Independent retailers have rallied round Franke after a major internet dealer accused the sinks and taps giant of cancelling its supply deal.
James Hickman, managing director of Online Home Retail, previously told kbbreview that he had received a letter from distributor PJH advising that Franke had instructed it not to supply any products to them from January 22.
“When I contacted Franke, I was advised by their solicitors that they had decided we were ‘market free riders’ and that numerous other online sellers had also been identified as such,” he said.
But Hickman’s comments have sparked a wave of support for Franke from independents, who view the brand as protecting them from the threat of online competition.
Robert Charles, owner of Robert Charles Kitchens, Bedrooms and Bathrooms, congratulated Franke for “taking a stand against online ‘free riders’”.
While John Pelosi, director at Caldicot Kitchen and Bathroom Centre in Monmouthshire, said the manufacturer may have woken up to the damage the internet can do to a business if the channels to market are not properly managed.
Steve and Theresa McLoughlin, owners of Chippenham Kitchen and Bedroom Centre, backed the move by Franke adding that it couldn’t be blamed for wanting to protect its products and market share.
“In the past, Franke took no part in how its products were marketed or who was selling them,” they said. “The ongoing effect of this was a ridiculous price difference between the bricks-and-mortar dealers and the internet.”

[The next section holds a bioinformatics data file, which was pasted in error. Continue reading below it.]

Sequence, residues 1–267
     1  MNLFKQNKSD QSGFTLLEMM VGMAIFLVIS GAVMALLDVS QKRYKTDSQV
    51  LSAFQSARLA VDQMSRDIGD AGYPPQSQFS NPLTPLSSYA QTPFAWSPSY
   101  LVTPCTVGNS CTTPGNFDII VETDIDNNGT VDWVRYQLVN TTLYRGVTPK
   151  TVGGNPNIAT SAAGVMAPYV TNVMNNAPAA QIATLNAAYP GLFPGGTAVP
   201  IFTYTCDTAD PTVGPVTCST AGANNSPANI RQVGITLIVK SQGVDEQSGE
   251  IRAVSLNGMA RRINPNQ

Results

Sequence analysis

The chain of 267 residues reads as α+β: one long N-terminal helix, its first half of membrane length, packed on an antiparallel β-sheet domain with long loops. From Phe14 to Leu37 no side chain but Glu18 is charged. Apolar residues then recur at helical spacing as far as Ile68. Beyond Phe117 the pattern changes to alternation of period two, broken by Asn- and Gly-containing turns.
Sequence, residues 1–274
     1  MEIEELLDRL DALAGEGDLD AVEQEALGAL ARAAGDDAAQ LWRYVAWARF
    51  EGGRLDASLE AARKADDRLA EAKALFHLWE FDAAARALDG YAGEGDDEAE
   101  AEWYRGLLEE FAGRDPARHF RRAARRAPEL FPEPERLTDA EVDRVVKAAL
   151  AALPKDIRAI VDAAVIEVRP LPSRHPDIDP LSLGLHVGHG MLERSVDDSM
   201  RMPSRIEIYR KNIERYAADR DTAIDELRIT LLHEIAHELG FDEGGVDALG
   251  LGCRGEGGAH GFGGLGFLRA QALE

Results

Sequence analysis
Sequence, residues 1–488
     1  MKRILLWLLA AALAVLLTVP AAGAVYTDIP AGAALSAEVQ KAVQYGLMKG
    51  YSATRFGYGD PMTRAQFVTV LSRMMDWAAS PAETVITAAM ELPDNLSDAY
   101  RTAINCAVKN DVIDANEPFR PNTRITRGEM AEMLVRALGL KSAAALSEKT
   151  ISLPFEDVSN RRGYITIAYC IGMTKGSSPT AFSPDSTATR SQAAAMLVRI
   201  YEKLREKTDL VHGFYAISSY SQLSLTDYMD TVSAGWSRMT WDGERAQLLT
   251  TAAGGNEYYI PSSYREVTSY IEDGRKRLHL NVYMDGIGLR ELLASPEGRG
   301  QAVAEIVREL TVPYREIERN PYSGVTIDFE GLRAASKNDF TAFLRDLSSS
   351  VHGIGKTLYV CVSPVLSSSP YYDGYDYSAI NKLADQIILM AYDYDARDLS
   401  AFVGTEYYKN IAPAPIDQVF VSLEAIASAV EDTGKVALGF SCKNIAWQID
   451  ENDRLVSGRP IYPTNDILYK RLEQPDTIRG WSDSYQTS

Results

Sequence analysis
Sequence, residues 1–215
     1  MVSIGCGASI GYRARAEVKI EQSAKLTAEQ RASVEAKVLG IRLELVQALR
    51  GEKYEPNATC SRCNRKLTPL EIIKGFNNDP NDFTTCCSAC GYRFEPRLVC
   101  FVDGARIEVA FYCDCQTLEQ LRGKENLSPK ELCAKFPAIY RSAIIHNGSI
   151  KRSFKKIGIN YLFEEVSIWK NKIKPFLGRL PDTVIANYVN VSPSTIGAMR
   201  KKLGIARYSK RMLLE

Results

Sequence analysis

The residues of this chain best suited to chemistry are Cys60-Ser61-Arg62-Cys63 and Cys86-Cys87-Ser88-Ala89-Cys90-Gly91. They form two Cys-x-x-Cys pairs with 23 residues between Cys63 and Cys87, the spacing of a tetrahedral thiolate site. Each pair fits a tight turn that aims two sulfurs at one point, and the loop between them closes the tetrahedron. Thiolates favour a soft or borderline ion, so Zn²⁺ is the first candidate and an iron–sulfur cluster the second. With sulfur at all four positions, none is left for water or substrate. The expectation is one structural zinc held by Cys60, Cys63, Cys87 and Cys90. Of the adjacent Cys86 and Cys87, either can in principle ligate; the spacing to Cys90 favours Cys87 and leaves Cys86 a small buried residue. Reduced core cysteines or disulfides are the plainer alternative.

Former KBB showroom owner George Graham also agreed with Franke’s policy saying that showrooms need more support from manufacturers.
Russell and Diane Buckley of Stuart Henry Kitchens in Wirral, applauded Franke and thanked them for “putting us and our customers first” and said it would continue to promote and sell Franke products to its clients.
The McLoughlins also hit out at Hickman and claimed that while it may not see itself as a “market free-rider”, people who buy online are looking for something specific to fill a need and that a large percentage of customers do their research in bricks-and-mortar stores initially.
MBK Design Studio owner Stewart Woodruff also warned Hickman not to “bite the hand that feeds you” when criticising dealers.
“It was those very showrooms that were displaying the Franke brand and advertising it at a particular price, allowing his customers to see and touch the product before purchasing it at a much better price through him.”
Hickman hit back, however, claiming that the whole idea of the internet market free rider is a myth.
“Despite what showrooms may claim, most people do not find what they want in showrooms and then buy online because it’s cheaper,” he said. “They find what they want online because it’s more convenient.
“The biggest problem for showrooms is that the internet has brought price transparency to the market. Ten to 20 years ago, the consumer had little knowledge of what a product cost elsewhere, today they can find the cheapest price with a few clicks of the mouse.”
He went on to argue that showrooms should focus on higher-end products to differentiate themselves from the online channel.
“Online retailers generally don’t like niche, high-end brands as the cost of transport damage is too high, the cost of holding stock is high and slower-moving lines take up valuable warehouse space,” he said. “Custom and bespoke products are simply too difficult to deal with. Design and installation are services that higher-end customers will pay for and that online retailers simply can’t offer at all.”
- For more comments from James Hickman click here